When: 2012-04-30

Collection location: Ballarat Botanical Gardens, Ballarat, Victoria, Australia [Click for map]

Who: TimmiT

No specimen available

Under Norfolk Island Pine (Araucaria heterophylla), Bunya Pine (Araucaria bidwillii) and Giant Redwood (Sequoiadendron giganteum)

Species Lists


Proposed Names

-72% (3)
Recognized by sight
72% (5)
Recognized by sight: conical grayish cap, shape of lower stipe, lack of mycorrhizal hosts, something gestalty here… lack of deep striations? Combined with apparent lack of annulus?

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= Observer’s choice
= Current consensus


Add Comment
CSI Mushrooms!
By: Debbie Viess (amanitarita)
2012-05-02 09:23:54 PDT (-0700)

Good work, Timm. Looking for clues at the scene of the crime.
Solid data beats speculation every time.

Indeed, phalloides and gloiocephalus can be scarily similar.

I went back
By: TimmiT
2012-05-02 00:46:08 PDT (-0700)

I didn’t finish work early enough yesterday to check on this but managed to go back in my lunch break today. The mushroom was still there and had matured quite a bit. With no annulus and pink gills it was obviously a Volvopluteus. It also had plenty of humus attached to the base, as expected with a saprobe. I will update with photos later.

Thanks for all the discusion. Debbie, there have been sightings of A. phalloides in Ballarat and I hope to see one while I’m here. I can understand how poisonings occur with people picking these. They look very similar when immature.

could be Volvopluteus
By: Alfredo Justo (Fredo)
2012-04-30 10:45:14 PDT (-0700)

It is hard to be confident without seeing the gills and the presence/absence of a ring but this looks more like a Volvopluteus than an Amanita to me.

Microscopical observations (even of an immature specimen) should provide enough data to chose between the two.

If it is a Volvopluteus it could be V. gloiocephalus but considering the geographic origin V. asiaticus is also a possibility.

right as rain.
By: Debbie Viess (amanitarita)
2012-04-30 10:27:55 PDT (-0700)

my ignorance of OZ trees is vast, and those are certainly no true pines!

Phalloides has many, many tree hosts, though, from conifers to hardwoods and including eucalyptus, and seems to be continually expanding its tree hosts.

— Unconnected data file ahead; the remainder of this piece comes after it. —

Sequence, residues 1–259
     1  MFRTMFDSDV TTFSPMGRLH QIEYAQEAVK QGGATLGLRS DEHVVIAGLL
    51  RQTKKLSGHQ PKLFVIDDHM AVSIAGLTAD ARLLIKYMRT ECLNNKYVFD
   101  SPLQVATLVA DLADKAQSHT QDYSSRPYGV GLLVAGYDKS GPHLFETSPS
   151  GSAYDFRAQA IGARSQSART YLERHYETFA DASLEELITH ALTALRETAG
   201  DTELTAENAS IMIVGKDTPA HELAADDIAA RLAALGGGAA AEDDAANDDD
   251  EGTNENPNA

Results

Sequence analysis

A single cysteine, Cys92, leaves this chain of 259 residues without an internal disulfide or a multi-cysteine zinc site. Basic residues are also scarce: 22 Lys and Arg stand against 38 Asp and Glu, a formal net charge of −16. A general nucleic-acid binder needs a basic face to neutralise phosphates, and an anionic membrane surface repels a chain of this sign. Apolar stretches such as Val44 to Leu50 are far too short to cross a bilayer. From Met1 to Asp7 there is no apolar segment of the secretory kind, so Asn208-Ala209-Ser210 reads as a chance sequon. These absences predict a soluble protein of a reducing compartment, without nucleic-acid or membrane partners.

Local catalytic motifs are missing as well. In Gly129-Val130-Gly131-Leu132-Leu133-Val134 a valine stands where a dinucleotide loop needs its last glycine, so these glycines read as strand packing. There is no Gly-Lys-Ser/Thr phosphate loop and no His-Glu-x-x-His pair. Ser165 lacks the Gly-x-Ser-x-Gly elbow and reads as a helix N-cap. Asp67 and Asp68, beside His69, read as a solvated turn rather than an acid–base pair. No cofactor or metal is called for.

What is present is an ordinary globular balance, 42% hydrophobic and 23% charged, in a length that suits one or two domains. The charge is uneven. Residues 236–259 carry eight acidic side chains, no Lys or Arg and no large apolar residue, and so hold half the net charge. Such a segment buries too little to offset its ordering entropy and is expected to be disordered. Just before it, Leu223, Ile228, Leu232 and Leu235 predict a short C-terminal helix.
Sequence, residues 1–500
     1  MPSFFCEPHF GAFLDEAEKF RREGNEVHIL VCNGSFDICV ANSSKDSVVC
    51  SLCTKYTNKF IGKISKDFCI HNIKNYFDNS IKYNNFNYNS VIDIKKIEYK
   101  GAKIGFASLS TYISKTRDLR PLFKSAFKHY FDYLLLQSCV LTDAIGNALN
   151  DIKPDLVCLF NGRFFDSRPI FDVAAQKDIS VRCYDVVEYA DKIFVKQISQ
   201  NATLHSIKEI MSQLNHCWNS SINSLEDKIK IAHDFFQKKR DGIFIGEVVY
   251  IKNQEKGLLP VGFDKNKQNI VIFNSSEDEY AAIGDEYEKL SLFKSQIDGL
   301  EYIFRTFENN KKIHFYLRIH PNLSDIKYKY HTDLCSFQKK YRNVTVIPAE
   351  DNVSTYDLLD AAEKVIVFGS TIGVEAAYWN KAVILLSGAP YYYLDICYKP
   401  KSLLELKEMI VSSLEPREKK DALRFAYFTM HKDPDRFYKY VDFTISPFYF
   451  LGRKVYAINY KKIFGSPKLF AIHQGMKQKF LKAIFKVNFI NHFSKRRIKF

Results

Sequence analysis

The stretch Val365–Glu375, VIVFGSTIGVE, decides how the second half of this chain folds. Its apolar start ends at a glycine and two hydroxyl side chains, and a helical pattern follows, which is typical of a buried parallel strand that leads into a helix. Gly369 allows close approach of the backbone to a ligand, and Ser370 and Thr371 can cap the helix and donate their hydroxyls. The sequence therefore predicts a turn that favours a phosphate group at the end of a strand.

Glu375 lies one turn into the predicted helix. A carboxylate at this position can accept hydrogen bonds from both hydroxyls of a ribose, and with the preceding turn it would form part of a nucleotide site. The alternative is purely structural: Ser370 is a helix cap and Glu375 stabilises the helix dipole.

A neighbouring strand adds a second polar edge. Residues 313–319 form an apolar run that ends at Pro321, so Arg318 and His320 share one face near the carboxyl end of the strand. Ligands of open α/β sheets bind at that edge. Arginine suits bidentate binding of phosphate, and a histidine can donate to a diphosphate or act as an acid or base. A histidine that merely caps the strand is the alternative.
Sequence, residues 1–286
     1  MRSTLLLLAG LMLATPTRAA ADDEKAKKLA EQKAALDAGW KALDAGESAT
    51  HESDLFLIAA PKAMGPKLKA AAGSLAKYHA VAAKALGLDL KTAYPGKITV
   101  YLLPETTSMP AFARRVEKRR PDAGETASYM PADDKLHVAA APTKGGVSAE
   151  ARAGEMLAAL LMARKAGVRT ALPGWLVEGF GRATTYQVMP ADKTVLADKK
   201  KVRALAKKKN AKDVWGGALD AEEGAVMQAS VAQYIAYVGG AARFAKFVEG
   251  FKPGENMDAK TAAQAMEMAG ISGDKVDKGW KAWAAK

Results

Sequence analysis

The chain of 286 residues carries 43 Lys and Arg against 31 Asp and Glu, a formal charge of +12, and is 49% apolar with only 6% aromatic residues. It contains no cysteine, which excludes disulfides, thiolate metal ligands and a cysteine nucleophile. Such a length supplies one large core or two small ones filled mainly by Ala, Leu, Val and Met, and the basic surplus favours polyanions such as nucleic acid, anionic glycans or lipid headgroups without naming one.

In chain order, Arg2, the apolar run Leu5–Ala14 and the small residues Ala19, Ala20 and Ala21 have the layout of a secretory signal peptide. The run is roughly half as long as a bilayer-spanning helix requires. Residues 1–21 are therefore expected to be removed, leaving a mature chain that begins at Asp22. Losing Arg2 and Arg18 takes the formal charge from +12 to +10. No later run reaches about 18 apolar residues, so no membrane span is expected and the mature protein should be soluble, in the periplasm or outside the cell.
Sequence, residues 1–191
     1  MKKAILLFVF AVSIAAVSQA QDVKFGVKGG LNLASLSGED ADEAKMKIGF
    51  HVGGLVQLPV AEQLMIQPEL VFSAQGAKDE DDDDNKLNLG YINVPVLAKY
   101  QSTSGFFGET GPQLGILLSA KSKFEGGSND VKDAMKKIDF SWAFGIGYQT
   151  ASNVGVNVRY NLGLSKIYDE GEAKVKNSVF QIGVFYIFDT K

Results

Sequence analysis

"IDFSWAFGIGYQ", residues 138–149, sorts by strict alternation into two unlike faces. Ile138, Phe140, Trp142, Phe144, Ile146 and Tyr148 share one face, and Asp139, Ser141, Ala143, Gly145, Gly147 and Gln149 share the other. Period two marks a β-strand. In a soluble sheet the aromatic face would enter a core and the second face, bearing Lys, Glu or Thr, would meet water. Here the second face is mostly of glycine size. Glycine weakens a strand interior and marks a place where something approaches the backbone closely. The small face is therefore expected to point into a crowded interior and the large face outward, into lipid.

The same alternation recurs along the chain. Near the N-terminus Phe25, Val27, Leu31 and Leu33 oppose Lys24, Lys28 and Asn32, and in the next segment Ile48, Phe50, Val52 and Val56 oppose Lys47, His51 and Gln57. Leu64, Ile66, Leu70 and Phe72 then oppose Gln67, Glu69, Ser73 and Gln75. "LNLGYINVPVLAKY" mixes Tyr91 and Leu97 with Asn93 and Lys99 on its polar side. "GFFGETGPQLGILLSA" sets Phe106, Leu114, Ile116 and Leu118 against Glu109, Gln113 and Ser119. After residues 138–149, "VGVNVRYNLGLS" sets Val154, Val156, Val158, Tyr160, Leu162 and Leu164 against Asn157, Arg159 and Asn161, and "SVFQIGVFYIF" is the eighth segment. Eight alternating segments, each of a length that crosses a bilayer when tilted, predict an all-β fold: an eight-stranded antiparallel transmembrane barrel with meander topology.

could one of those have been nearby?

Both phalloides and gloiocephalus can have pointed or rounded caps (that darned variability thing), and phalloides caps can get silvery gray when drying out…, and both also have those embedded longitudinal fibrils.

Spore print and annulus check would tell us fer sure, one way or t’other.

Those aren’t
By: Christian (Christian Schwarz)
2012-04-30 10:13:43 PDT (-0700)
could be either…
By: Debbie Viess (amanitarita)
2012-04-30 10:01:11 PDT (-0700)

they can look quite similar to each other, esp. when unopened. lack of an annulus for Volvopluteus (the former Volvariella speciosa) would be a good clue, too.

there are certainly MR hosts nearby tho, with that pine and all…

By: Christian (Christian Schwarz)
2012-04-30 08:06:27 PDT (-0700)

I’m guessing Rod is alluding to the possibility that this might be Volvopluteus, which it looks like to me based on the rather conical cap, grayish-virgate cap surface, and lack of mycorrhizal hosts nearby.

Amanita phalloides?
By: Debbie Viess (amanitarita)
2012-04-30 08:04:52 PDT (-0700)

yeah it has UV material on the cap, but the rest of the gestalt is there, including the innate fibrils on the shiny greenish cap.

Typical phalloides transplant location in an exotic tree garden, too.

Did it have a bulb?

I’ll try
By: TimmiT
2012-04-30 06:14:57 PDT (-0700)

to get back there tomorrow and study it further. Hopefully it will survive long enough to mature.

Hi, Tim.
By: R. E. Tulloss (ret)
2012-04-30 05:35:44 PDT (-0700)

It looks like you had an interesting time at the Botanical Garden. I suppose one doesn’t collect there? If you happen to have seen this specimen in an expanded state, I’m wondering if there were white or pink spores.